“Have nothing in your house that you do not know to be useful or beautiful.”
That was the rallying call of the nineteenth-century designer, William Morris, a British designer and social reformer. He aimed to rid the world of shoddy mass-produced goods and replace them with objects that were designed and made by artists.
He has long been considered on the great Victorians and has been referred to one of the most influential British designers of the nineteenth century.
While at Oxford he became genuinely interested in the ritual architecture of the middle ages. However, his most significant influence came through the readings of John Ruskin, whose ideas on aestheticism and social progress he gradually adopted.
Morris believed his responsibility was “to revive a sense of beauty in home life, to restore the dignity of art to household decoration.” His designs were much-loved by the aesthetic movement of the time including Oscar Wilde and Rex Whistler. In 1861 he established his firm to design and produce wallpaper and textiles. Morris produced his first printed textile design in 1873 and although today many of his designs are still used. His original designs are still re-coloured and re-worked and marketed under his name. Some of his carpet designs were used by other makers, but Morris also established looms in Hammersmith, London, where craftsmen hand-knotted carpets in the traditional Asian manner. Morris helped improve the overall standards of design as the styles that emerged began to mirror the general artistic trends of the period.
William Morris became as familiar to the Art Noveau aficionados as were those of Picasso and Matisse to the more general public.
There is a story told about Morris, that as a young man on a walking trip in France, he had a vision of a perfect house. So vivid was the image that the 26-year-old scribbled notes describing the property on the only thing he had at hand the back of a French railway timetable.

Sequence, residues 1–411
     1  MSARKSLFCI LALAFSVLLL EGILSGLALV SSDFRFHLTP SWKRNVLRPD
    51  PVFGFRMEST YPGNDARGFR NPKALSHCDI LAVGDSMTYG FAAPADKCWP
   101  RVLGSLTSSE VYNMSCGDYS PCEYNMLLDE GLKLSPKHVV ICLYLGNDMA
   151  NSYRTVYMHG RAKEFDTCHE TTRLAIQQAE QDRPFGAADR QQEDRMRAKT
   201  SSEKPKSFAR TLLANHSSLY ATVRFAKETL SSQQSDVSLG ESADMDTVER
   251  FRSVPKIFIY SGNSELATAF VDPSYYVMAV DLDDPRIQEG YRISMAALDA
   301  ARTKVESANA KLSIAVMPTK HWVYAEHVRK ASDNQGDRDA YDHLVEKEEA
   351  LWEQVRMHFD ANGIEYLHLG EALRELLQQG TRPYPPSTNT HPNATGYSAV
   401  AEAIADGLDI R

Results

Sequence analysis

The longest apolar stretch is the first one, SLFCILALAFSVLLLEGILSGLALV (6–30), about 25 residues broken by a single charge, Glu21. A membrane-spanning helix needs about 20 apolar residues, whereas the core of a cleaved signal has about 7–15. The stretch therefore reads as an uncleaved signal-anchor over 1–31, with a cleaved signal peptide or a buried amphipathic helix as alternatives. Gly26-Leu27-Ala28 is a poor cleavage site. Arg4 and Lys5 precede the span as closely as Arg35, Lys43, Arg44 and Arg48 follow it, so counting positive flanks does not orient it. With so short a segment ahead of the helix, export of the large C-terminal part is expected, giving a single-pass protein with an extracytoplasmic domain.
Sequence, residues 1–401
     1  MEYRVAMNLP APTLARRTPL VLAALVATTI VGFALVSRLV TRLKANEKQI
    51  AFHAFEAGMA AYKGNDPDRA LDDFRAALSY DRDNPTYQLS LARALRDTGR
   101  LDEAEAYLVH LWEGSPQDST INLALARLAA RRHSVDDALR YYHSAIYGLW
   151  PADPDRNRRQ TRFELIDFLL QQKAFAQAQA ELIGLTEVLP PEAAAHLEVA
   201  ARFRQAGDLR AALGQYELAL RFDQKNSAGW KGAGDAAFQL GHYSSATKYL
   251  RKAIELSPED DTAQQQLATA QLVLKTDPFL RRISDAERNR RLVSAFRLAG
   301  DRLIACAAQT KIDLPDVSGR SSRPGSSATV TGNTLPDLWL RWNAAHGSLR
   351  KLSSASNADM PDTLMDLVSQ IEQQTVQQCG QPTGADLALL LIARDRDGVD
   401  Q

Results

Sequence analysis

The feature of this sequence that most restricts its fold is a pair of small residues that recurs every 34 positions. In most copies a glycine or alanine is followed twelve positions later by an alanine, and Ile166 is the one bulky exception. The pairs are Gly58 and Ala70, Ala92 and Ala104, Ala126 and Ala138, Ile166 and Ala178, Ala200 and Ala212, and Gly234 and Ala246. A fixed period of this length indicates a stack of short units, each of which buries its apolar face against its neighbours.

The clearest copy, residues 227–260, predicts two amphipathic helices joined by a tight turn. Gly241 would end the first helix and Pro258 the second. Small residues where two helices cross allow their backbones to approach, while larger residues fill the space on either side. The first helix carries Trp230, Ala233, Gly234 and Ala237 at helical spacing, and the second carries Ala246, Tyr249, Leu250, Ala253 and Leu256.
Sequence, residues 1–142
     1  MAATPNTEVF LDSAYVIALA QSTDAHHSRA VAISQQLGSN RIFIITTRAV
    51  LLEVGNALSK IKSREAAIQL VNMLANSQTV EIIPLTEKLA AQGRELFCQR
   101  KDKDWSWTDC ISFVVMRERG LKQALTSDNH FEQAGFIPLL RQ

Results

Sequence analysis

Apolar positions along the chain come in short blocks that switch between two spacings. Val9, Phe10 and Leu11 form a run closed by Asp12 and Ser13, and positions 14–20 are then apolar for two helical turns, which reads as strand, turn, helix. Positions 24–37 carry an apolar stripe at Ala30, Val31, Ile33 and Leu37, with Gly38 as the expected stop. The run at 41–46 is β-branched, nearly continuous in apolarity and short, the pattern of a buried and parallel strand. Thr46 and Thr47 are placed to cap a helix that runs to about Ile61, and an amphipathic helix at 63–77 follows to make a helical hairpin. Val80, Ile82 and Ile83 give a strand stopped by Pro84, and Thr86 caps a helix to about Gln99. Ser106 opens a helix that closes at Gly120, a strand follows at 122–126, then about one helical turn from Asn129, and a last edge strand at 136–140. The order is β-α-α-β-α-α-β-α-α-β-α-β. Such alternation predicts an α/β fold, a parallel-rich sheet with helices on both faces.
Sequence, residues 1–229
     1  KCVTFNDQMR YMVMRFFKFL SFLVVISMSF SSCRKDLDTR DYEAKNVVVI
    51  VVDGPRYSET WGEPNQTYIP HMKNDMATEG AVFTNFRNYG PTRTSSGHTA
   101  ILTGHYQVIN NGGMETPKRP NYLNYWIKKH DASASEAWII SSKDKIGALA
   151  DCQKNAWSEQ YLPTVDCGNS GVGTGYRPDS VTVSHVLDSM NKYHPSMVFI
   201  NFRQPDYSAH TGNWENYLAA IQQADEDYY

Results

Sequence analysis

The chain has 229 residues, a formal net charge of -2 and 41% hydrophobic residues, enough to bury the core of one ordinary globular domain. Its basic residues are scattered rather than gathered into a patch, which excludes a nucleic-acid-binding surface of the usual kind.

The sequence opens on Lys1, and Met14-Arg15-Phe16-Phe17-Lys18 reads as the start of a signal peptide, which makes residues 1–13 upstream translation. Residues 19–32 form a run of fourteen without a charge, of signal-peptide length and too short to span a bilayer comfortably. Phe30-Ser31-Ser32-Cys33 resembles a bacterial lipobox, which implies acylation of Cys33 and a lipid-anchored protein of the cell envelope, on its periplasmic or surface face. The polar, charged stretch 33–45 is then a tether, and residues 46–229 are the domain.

The home he built in the hamlet of Upton, near Bexleyheath, South East London – known as the Red House — revolutionised British taste.
Typography – Kelmscott Press
The Kelmscott Press was the forerunner to the modern printing press whose influence for present day print typography is attributable. The typeface of the Victorian era was ugly, and the notions of ‘visual communication’ were not a significant consideration. The printers lumped an array of different typefaces on the same page that ended up as more of an obstacle than an aid to communication. There seemed to be an aversion of leaving any white space, and a vast number of rococo embellishments were kept to provider fillers of whitespace.
William Morris articulated his vision, as he wrote in a note on the founding of the Kelmscott Press.
“Letter pure in form: severe, without needless excrescences; solid without the thickening and the thinning of the line which is the essential fault of the ordinary modern type and which makes it difficult to read; and not compressed laterally as all later type has grown to be owing to commercial exigencies.”
Morris designed his own typeface based on the fifteenth-century face of Nicholas Jenson. He studied Jenson’s type in great detail, he had it photographed and enlarged and made drawings of it over and over again. The resulting type he called “Golden.” Apart from this face he worked on three others: “Troy” and “Chaucer”.
To the contemporary eyes, Morris’s books would perhaps, seem rather than the distilled essence of beauty. The pages of his books appear to be close-packed and the type heavier than would be used today. He also had a weakness for large and ornate capitals (sometimes they were hand-painted which gave a lopsidedness to the page.
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